You may have heard someone make mention of "hard" or "soft" paint in reference to automotive surfaces. Paint hardness is measured using the same scale as graphite pencils. For instance, your ordinary yellow pencil is an "HB," slightly on the soft side of the scale. The scale travels both upwards and downwards "B" being an indicator of soft and "H" being an indicator of hard. The image below depicts different hardnesses of graphite and how they transfer onto paper with light pressure. The softer the graphite, the more of it will transfer onto the paper and vice versa.
What do pencils have to do with paint and ceramic coatings?
Unfortunately, not all paint is created equally. Across manufacturers, years, and factories, paint hardness and depth change due to a number of factors such as application method and chemical make up. The average automotive paint is 3H-4H hardness. Most ceramic coatings on the market are said to have a hardness of 9H with a few specialty products boasting a 10H rating. By having a ceramic coat applied to your vehicle, you could be hardening the paint surface by up to three times the original hardness. This means up to three times the scratch resistance of your factory paint, helping protect against things like marring and swirls from cleaning and overly enthusiastic tree branches.
The Bigger Picture
As you know, nano-coatings work on a microscopic level to create a smooth barrier on vehicle surfaces. We must also take into account the bigger and more visible imperfections that likely exist in your paint. Unfortunately, because of the small scale ceramic works on, it will not erase very many visible imperfections. Just about every vehicle on the road suffers from minor scratches. From shopping carts to your own finger nails, there are risks for minor paint damage everywhere.
Due to the semi-permanent nature of the coating, we must take these into account before the coating. Most professional detailers charge anywhere from $500-$2000 for a ceramic application and this is for a few reasons; particularly, because a paint correction and polish is almost always necessary prior to the ceramic appointment. Paint correction can drastically improve the severity of small scratches and in some cases can remove them all together.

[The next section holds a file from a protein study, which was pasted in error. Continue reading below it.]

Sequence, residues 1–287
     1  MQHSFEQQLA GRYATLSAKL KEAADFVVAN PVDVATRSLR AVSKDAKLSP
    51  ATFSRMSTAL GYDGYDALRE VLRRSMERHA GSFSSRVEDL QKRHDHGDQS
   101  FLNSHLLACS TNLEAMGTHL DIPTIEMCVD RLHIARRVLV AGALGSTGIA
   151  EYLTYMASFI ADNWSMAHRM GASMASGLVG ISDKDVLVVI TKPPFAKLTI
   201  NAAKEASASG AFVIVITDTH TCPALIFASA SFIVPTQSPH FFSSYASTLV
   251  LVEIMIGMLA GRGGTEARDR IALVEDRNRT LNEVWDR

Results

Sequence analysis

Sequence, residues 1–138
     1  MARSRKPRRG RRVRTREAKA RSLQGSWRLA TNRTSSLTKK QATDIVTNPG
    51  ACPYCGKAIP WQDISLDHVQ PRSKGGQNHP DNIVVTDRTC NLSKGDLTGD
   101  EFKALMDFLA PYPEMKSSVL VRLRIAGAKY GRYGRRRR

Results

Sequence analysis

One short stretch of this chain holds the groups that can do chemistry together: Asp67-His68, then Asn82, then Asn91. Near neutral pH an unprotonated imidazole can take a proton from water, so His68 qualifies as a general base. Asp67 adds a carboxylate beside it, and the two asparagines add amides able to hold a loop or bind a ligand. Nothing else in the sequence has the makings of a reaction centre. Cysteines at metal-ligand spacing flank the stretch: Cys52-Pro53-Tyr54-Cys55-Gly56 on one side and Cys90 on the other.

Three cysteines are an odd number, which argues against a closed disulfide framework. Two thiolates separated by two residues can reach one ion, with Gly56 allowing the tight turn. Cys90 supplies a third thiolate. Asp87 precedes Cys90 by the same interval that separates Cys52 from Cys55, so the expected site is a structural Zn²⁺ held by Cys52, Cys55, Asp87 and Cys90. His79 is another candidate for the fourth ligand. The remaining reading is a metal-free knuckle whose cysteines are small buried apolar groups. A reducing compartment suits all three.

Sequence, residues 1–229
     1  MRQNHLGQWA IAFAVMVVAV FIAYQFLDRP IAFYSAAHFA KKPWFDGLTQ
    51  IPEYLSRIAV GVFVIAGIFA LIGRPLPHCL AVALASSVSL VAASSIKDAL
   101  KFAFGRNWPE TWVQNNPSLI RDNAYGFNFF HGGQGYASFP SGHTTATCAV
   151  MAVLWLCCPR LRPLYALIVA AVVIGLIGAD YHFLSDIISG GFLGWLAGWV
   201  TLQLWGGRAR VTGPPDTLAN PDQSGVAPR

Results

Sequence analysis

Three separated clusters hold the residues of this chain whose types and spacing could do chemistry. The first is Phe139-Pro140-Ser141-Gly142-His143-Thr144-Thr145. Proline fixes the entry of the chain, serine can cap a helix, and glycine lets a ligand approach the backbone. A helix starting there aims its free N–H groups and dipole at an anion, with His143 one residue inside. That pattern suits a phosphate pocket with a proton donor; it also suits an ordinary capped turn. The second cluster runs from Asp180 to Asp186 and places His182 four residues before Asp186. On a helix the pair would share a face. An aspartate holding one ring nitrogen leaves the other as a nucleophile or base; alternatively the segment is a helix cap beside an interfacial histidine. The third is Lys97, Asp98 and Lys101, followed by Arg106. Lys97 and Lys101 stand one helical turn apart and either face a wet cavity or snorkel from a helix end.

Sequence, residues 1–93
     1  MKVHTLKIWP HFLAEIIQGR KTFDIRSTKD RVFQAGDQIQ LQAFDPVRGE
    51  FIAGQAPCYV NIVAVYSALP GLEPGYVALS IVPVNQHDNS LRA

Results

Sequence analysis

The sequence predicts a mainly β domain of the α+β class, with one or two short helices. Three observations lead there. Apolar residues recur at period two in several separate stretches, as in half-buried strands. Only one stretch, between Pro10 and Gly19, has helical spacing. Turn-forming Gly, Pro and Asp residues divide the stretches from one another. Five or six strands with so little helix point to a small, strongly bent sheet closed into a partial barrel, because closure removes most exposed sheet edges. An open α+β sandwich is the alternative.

(Stay tuned for an article coming soon on paint correction to learn more!)
If a coating is applied to a scratched surface, those scratches and imperfections are sealed in for the next 3-5 years and the coating is not as effective. Ceramic products themselves are also quite expensive, sadly, nano-technology doesn't come cheap.
Finally, ceramic must be applied by hand. The process is labor intensive and time consuming as the coatings require you to work in small sections using a tool about 2"x 3" and then removing excess with a microfiber cloth immediately after. In addition, ceramic coatings are usually 2 or 3 layers thick, meaning your detailer is going around your vehicle two or three times with a tool smaller than a household sponge to complete the process, allowing at least one hour curing time between layers. The total time spent on the entire coating, including paint correction is usually between 5 and 8 hours.